MCF Rare Wine
The New Piedmont - Alberto Oggero
Those of you who've been reading this newsletter for a while know that, while you may like as much, it's not possible to love Barolo or Barbaresco more than I do.
Seriously...it's just the truth...
But, like all things in this business, the more popular wines get, the more demand skyrockets, while supply remains static...and then price increases really kick into high gear, most often resulting in the wines being beyond the reach of most people.
There is a silver lining of sorts to this, though - it forces people to notice the amazing work that dedicated vignerons are doing in other appellations around the region.
In Piedmont, the explosion in interest of the wines of the Alto Piemonte has been well-documented, especially in this newsletter, but I think one of the next places in Piedmont that should be on everyone's radar is the Roero...
...if only on the strength of this set of wines from the Alberto Oggero estate.
As a child, Alberto trailed his grandfather through the family vineyards in Santo Stefano Roero and, when his grandfather died in 1999, he returned to take over, having just finished his degree in enology.
He spent the next ten years both restoring the vineyards and winery and also experimenting with winemaking all along. In 2009, he bottled his first set of wines.
Whatever he did during all those 'experimental' years, he certainly figured out how to make some fantastic wines.
Starting with the Roero Arneis 2020, which is honestly one of my favorite white wines of the year so far, and easily the best and most compelling Arneis I've ever tasted.
From the sandy/limestone soils of the Santo Stefano vineyard, the juice macerates for three days on just 50% of the skins. It then undergoes temperature controlled fermentation, half in stainless and half in concrete, and then spends 12 months in Slavonian oak.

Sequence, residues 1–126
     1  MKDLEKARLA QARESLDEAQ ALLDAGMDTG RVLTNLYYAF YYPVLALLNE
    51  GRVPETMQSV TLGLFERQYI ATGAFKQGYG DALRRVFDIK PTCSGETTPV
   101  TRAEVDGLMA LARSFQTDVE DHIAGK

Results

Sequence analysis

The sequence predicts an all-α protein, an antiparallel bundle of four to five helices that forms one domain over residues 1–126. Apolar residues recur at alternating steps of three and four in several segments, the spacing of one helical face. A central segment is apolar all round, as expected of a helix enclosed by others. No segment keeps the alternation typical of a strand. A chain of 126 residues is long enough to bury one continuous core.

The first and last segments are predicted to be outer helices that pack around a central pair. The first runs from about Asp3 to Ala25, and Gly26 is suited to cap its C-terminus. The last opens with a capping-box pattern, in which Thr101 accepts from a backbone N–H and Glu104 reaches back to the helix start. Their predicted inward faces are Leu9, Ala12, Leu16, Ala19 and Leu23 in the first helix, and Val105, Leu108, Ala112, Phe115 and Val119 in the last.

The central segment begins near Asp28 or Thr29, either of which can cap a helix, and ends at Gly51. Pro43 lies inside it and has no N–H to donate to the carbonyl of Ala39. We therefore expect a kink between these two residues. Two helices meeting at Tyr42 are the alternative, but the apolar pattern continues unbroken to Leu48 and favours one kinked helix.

The resulting wine is deeply colored and shows this outrageous tension between the fresh, high-toned and mineral elements, and the richer, more textured, honeyed/waxy character from the light maceration. It's deep, it's texturally thrilling, it's outrageously drinkable and it's screaming for food.
Then we have Alberto's two reds, both 100% Nebbiolo and both 100% delicious. The Rosso Sandro d'Pindeta 2020 is a delightfully bright, zippy, high-toned and perfumed expression of Nebbiolo, the herbaceous streak keeps it very lively across the palate.
On the other hand, the Roero Rosso 2019, Alberto's top wine, is one absolutely gorgeous expression of pure Nebbiolo. It's deeper and richer than the Sandro, with more of the darker/dried fruit elements and a lot more earthy, rosy nuance lurking below the surface.
I find all of these wines, in addition to being delicious in every way mentioned above, to be great examples of a perfect balance between the 'natural wine' philosophy, and a commitment to terroir and typicity...
...it's 'The New Piedmont'.
Also, I'd be lying if I didn't admit that I also love the awesome 1970's European Public Broadcasting style graphics on the labels.
But, you know...I'm easy like that...
Roero Arneis 2020
Rosso Sandro d'Pindeta 2020
Roero Rosso 2019
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MCF Rare Wine, Ltd
249 West 13th Street NYC 10011
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